While taking in the impressive sights our guide pointed out to us marks in the desk where the Prime Minister stands. Those indentations on the desk, he told us, were put there by Winston Churchill. During passionate times of debate, Churchill would pound the table with a closed fist and the indentations were put there by the ring he was wearing.

I have often thought back to my visit to the House of Commons and what the guide pointed out to us that day. As leaders, we too will leave our mark. Like Churchill, we too will carve out a niche that will be characteristic of our leadership. What will your mark be? I believe there are two marks worthy of consideration.

Leave your mark with passion. Shakespeare said, “O that my tongue were in the thunder’s mouth! Then with passion I would shake the world…” A passionate leader shakes his world with conviction and purpose.

In her book, We Shall Not Fail- The Inspiring Leadership of Winston Churchill, Celia Sandys (Churchill’s granddaughter) writes, “Churchill’s immense courage in World War II played such a large and varied role in his leadership that we will touch on it only briefly here. But it’s clear that when Britain had to stand alone Churchill epitomized Britain’s courage and resilience. His inspiring words, energy, his trademark V sign and ever-present cigar all combined to communicate tremendous courage.”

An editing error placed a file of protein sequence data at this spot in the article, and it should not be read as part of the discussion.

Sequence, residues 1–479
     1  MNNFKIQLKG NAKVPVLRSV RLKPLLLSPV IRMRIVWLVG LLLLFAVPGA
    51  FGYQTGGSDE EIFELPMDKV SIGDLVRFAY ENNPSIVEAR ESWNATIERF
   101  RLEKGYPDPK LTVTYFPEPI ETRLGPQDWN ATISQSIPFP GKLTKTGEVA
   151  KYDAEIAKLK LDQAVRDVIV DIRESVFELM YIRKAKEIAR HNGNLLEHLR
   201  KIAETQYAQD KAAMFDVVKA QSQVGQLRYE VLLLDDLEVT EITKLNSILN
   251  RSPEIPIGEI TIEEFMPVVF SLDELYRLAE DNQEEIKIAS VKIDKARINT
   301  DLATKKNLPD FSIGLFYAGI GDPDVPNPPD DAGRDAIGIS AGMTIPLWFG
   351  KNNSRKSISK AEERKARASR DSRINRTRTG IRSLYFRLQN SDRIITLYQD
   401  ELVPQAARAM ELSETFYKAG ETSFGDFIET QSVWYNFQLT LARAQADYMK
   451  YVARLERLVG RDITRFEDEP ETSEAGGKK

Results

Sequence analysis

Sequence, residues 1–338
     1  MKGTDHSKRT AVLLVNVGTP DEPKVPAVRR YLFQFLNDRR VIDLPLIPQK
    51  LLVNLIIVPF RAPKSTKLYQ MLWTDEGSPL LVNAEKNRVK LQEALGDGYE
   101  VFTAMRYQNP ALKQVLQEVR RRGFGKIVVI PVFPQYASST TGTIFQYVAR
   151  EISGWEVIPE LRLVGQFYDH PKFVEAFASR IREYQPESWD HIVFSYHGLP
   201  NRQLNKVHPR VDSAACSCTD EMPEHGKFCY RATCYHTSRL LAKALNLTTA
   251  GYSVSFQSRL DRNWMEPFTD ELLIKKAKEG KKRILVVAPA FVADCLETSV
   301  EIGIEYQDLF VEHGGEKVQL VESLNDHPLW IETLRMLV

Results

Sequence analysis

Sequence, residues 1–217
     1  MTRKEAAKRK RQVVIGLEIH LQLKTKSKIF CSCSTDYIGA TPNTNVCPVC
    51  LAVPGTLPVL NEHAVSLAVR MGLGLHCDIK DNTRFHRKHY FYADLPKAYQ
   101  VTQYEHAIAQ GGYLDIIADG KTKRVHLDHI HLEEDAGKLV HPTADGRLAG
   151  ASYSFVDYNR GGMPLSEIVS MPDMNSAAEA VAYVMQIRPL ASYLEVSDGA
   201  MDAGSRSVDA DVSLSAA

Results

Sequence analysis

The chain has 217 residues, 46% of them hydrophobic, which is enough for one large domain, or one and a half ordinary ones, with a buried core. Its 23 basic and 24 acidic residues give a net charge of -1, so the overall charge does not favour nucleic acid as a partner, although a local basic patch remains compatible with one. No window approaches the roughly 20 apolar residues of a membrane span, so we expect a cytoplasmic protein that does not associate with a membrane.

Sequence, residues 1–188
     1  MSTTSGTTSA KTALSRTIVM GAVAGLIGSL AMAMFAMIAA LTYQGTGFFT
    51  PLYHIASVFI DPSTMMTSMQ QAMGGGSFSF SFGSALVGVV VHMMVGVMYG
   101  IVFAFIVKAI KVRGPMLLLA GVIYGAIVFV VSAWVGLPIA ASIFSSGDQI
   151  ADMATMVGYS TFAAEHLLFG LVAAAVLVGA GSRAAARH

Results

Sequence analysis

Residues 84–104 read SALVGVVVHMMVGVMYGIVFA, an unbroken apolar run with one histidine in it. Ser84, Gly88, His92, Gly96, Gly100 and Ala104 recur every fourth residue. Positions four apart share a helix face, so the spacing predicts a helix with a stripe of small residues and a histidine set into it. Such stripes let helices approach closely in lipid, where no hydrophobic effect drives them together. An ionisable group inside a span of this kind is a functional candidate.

Churchill’s passion as a leader resonated with his country and eventually propelled them to victory. Passion is an ingredient all leaders must posses if they are to succeed. During great moments of passion and persuasion, Churchill left his mark on that desk in the House of Commons. But there was nothing common about it. That passion was a fire in his belly that would never surrender. What is your passion as a leader?

Leave your mark with people. The great philosopher Charlie Brown once said, “I love mankind; it’s people I can’t stand.” While at various times we can all relate to Charlie Brown, to succeed as a leader it takes patience, understanding, and skill.

John Maxwell said, “Don’t ever underestimate the importance of building relational bridges between yourself and the people you lead. There’s an old saying: To lead yourself use your head; to lead others, use your heart. Always touch a person’s heart before you ask him for a hand.”